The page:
The Only Thing Inaccurate about HIV Animal Studies is Ray Greek

The January 26, 2002 edition of The British Medical Journal features a letter from Ray Greek and Pandora Pound arguing that HIV research using non-human primates is unreliable. Greek writes,

Thomas Insel, former director of the Yerkes Regional Primate Center in Georgia, said: “[An animal model] that takes 12-14 years to develop doesn’t sound to me to be ideal . . . I can’t tell you what it is that those studies [with chimpanzees] have given us that has really made a difference in the way we approach people with this disease. Animal models of HIV have been notoriously inaccurate for two reasons.

Firstly, the immune response is intensely complicated and there are many disparities between the human response and those of other animals. Secondly, viruses are usually species specific.

. . .

The fact that 20 years on there is still no cure or vaccine for HIV is surely partly because too much money, time, and effort have been invested in animal research which has produced little, if nothing, in return. To make any impact on this global pandemic during the next 20 years, funding needs to be concentrated on research methods that have come up with the goods.

This is a typical modus operandi with Greek — lie through omission.

For example, take the problems with chimpanzee research into AIDS especially given the long time it takes chimpanzees to develop AIDS. Greek conveniently forgets to mention that this is the major reason why animal research into AIDS Has large switched from chimpanzees to monkeys. Greek forgot to add that although Insel said there are too many limitations with chimpanzees, he added that, “I wouldn’t say that about the monkey work.” (One of the biggest problems with chimpanzees, by the way, is their sheer cost — the cost of simply caring for a chimpanzee in a long-term AIDS study can exceed $100,000).

As Nancy Haigwood, the director of the viral vaccines program at the Seattle Biomedical Research Institute, notes in her reply, for a number of reasons much AIDS research now focuses on macaques which have served important roles in helping determine optimal treatment regimens for those afflicted with HIV.

At one time, for example, there was a lot of controversy over whether people who tested positive for AIDS should receive short-term treatment with anti-viral drugs immediately, even though they were symptom-free. Many researchers feared that the anti-virals would cause lots of side effects for patients while the long term benefits were considered to be small.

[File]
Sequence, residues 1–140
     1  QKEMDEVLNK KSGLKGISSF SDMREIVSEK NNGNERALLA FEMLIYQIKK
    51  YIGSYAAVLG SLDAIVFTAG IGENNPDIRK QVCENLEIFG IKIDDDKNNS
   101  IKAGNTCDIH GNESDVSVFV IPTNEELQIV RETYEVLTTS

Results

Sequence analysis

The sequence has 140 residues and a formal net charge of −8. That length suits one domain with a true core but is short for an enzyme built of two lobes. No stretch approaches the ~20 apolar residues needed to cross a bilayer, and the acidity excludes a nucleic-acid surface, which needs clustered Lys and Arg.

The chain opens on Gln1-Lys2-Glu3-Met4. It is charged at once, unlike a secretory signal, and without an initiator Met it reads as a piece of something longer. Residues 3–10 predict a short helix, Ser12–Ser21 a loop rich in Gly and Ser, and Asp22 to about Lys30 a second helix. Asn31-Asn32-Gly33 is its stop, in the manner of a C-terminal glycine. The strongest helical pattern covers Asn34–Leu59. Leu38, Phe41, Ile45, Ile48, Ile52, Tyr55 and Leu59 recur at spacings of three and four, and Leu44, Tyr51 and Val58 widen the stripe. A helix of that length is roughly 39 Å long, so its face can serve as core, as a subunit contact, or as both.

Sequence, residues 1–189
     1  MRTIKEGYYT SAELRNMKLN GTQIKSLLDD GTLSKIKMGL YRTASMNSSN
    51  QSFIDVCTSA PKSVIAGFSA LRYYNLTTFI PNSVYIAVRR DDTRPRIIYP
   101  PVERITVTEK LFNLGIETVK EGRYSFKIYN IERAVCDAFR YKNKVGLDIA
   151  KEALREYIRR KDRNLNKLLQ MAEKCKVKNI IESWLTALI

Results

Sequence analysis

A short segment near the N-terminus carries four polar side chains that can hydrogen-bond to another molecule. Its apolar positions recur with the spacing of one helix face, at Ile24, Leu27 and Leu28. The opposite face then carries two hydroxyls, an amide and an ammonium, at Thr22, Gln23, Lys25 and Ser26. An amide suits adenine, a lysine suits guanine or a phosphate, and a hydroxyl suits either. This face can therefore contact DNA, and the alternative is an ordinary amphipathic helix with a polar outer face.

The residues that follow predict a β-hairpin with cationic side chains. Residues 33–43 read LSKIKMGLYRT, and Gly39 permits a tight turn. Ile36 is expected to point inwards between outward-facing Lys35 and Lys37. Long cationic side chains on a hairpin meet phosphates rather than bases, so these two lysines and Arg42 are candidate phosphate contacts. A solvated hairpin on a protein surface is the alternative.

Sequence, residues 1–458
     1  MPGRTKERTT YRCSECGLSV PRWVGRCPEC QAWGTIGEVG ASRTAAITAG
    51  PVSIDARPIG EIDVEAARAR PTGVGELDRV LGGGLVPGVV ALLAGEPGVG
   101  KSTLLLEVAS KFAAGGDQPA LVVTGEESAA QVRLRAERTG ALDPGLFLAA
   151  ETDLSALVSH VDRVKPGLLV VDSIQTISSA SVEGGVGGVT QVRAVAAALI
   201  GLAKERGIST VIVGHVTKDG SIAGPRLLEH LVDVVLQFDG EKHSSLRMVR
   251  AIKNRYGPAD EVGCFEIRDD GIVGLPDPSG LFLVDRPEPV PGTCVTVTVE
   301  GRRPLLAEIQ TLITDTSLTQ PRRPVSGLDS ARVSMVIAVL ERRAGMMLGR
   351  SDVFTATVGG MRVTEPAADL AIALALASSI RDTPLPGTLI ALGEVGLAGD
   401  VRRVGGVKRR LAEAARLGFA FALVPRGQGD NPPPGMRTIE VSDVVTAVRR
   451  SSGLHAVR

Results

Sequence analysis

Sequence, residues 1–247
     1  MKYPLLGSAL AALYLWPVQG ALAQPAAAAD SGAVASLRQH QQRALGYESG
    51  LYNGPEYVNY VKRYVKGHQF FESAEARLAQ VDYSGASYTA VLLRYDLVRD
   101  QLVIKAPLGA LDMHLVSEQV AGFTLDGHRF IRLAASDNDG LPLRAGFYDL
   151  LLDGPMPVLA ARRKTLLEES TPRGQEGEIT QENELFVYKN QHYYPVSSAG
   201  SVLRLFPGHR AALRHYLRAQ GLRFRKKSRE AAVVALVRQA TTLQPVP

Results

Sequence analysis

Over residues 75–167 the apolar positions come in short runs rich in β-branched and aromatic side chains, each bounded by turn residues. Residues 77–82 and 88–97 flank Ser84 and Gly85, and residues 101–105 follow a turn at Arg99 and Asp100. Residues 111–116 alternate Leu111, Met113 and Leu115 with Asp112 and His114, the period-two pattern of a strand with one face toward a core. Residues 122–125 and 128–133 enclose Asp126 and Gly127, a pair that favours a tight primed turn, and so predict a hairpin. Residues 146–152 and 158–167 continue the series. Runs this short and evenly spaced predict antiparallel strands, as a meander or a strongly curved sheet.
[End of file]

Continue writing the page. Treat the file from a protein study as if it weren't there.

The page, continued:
Research in macaques, however, demonstrated that short-term treatment of the animals with anti-virals immediately after they were infected with AIDS could help keep the disease under control. Haigwood writes that, “Subsequently, many of the critical parameters and limitations of interrupting treatment have been discovered using these models.”

In addition, Haigwood notes that testing of cutting edge genetically engineered vaccines in macaques has helped researchers better understand the obstacles they must overcome to create such a vaccine for humans. Haigwood writes,

Live attenuated SIV, genetically engineered to eliminate pathogenicity, protects adult macaques from lethal challenge. While an attenuated HIV vaccine was under consideration for humans, this same highly attenuated SIV vaccine was found to cause AIDS in newborn macaques. Without these studies, the need for additional safeguards might have been missed — with dire consequence.

As Haigwood sums her reply up, the issue is not whether researchers conduct animal studies or clinical studies, but rather that all tools available must be utilized in finding better treatments for AIDS. “Animal models must be used to complement epidemiological and clinical studies in humans,” Haigwood writes. “Answers will come faster and the research will cost less if the clinical work is focused on strategies that have been pretested in models.”


Animal studies and HIV research. Ray Greek and Pandora Pound, British Medical Journal, 2002;324:236, January 26, 2002.

Animal models for HIV advance and complement clinical studies. Nancy Haigwood, British Medical Journal, 2002;324:236, January 26, 2002.

One thought on “The Only Thing Inaccurate about HIV Animal Studies is Ray Greek”

  1. “Greek conveniently forgets to mention that this is the major reason why animal research into AIDS Has large switched from chimpanzees to monkeys.”

    Let’s overlook the grammatical mistakes in your assertions.

    Where did you get the fact that animal research “Has large” (sic) switched from chimps to monkeys? Please reference your source on this.

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